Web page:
Scott Howell’s second try at beating Sen. Orrin Hatch

Former Utah state lawmaker Scott Howell is the Democrat hoping to keep Sen. Orrin Hatch from winning a seventh term this November.

Howell sat down with the Deseret News editorial board this week to answer questions about the campaign. He seems anxious to attack the senator’s age (Hatch is 78 and would be 84 at the end of his next term, should he win). The senator “could be my dad,” Howell said, hinting that Hatch lacks the stamina to continue serving effectively.

That’s the same tactic Republican challenger Dan Liljenquist used unsuccessfully in his primary election challenge of Hatch this year. Howell believes Liljenquist was hurt by tea party support and that he will be seen as a more palatable and reasonable candidate.

Howell also wants to paint Hatch as fiscally irresponsible and himself as a conservative Democrat. He especially emphasized Hatch’s support for Medicare Part D and for raising the debt ceiling several times.

This is Howell’s second try at unseating Hatch. He opposed him in 2000 and lost, receiving 31 percent of the vote. Hatch outspent him $5.25 million to $297,000 that year and looks to have a huge funding advantage this year, too.

Below are audio files of Howell’s answers to seven questions about his candidacy.

Aren’t you just your party’s sacrificial lamb in this race? Listen to the answer

Will you endorse President Obama or Mitt Romney? Listen to the answer

Where do you stand on the Affordable Care Act (Obamacare) Listen to the answer

The Senate is polarized. Could you fix that? Listen to the answer

How do you define fiscal responsibility in relation to your opponent? Listen to the answer

What would be your priorities as a Senator? Listen to the answer

Would you make saving Hill Air Force Base a priority, as your opponent has? Listen to the answer

About the Author

Jay Evensen

Jay Evensen is the Senior Editorial Columnist for the Deseret News. He has 32 years of journalism experience covering politics and a variety of other assignments at news organizations ranging from United Press International in New York City to the Las Vegas Review-Journal and the Deseret News, where he has worked since 1986. During that time, he has won numerous local, regional and national awards. Most recently, he was given the Cameron Duncan Media Award, given annually in Washington, D.C., by the advocacy group RESULTS, to the journalist judged to have done the most to further the cause of the world's poorest people.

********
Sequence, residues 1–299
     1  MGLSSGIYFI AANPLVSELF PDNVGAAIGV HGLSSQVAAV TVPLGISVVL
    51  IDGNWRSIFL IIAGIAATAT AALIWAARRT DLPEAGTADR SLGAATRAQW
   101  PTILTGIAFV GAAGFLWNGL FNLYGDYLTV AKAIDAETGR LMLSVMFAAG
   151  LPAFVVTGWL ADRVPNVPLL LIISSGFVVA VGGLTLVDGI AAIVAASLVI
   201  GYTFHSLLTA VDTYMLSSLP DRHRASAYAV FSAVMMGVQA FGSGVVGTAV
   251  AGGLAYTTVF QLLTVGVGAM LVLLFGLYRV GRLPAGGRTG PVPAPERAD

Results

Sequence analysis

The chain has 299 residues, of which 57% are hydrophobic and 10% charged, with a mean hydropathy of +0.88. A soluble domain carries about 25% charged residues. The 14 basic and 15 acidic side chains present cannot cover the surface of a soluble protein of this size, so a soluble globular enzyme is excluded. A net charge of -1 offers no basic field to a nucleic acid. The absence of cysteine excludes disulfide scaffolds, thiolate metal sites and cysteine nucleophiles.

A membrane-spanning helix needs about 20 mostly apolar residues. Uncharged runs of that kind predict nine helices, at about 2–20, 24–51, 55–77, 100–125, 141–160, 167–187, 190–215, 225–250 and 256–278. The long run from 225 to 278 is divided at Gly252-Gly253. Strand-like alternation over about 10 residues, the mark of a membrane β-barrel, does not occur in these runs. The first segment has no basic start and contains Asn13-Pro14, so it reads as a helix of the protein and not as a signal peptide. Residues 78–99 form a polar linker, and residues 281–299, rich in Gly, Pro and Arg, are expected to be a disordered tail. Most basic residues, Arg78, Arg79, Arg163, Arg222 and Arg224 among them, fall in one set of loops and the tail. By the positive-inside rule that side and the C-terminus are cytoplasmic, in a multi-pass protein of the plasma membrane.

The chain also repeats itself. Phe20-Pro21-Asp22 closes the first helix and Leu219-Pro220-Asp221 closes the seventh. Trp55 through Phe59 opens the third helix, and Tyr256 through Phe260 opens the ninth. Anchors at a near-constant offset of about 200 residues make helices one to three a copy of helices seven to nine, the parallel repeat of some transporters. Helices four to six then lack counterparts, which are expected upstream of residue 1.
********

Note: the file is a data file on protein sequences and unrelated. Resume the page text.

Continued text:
2 comments

  1. D. Love

    Scott Howell is a stand-up guy and reflects the views of many mainstream Utahns, like Jim Matheson tries to do (without support from the other Utah delegates). We need a delegation that is more representative of many Utahns. He would bring a breath of fresh air into the stale Utah Congressional cabal (who stick together and vote as a block no matter what).

  2. D. King

    Does anyone remember what Senator Hatch said about some of us registered Republicans who opposed him in the primary?

    “I despise these people, and I’m not the guy you come in and dump on without getting punched in the mouth.”

    Interestingly enough, I got to be introduced to Scott Howell by a family member, and though I’m not a Democrat, he didn’t seem to feel any animosity towards me, or a need to “punch me in the mouth.” What have we conservative Republicans achieved if we send Orrin Hatch back to Washington D.C.? Is the seventh time the charm? Is this the term where he stops voting for increases to the debt ceiling, or huge expansions to the entitlements, or unpaid wars? Do we need another term to prove that Orrin Hatch will call himself a conservative until another TARP vote comes along?

    I’m voting for Scott Howell because I believe his answers show fiscal discipline in a time where it is sorely needed, and also to send the message to Senator Hatch that he does not own us nor that seat.

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